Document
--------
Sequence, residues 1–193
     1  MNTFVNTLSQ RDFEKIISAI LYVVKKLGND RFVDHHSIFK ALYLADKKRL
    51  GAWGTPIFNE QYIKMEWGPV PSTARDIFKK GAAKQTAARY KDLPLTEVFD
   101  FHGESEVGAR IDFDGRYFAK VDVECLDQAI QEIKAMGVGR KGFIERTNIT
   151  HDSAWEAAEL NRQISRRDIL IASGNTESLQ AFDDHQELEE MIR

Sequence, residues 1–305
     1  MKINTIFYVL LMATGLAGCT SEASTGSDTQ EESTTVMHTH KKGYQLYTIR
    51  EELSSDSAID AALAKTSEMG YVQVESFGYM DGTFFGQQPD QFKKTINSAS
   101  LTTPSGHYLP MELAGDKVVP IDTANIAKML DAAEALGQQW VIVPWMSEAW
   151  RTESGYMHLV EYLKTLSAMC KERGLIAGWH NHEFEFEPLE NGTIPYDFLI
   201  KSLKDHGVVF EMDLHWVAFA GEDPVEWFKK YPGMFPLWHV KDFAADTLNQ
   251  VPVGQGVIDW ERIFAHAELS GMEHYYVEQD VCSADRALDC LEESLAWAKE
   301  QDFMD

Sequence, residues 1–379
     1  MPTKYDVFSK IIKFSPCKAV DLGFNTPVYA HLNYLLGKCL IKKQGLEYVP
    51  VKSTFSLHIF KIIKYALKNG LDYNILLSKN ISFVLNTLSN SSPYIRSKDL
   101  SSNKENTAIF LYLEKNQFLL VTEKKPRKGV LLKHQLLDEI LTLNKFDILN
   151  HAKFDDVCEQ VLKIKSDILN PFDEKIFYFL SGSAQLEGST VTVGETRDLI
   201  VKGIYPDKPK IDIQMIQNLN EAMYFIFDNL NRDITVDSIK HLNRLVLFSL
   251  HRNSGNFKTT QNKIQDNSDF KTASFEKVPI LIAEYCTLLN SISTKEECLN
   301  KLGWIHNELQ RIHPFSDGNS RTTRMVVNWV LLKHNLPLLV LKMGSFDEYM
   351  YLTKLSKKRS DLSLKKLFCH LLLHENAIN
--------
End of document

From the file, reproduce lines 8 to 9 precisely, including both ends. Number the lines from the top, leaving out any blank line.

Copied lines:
    51  EELSSDSAID AALAKTSEMG YVQVESFGYM DGTFFGQQPD QFKKTINSAS
   101  LTTPSGHYLP MELAGDKVVP IDTANIAKML DAAEALGQQW VIVPWMSEAW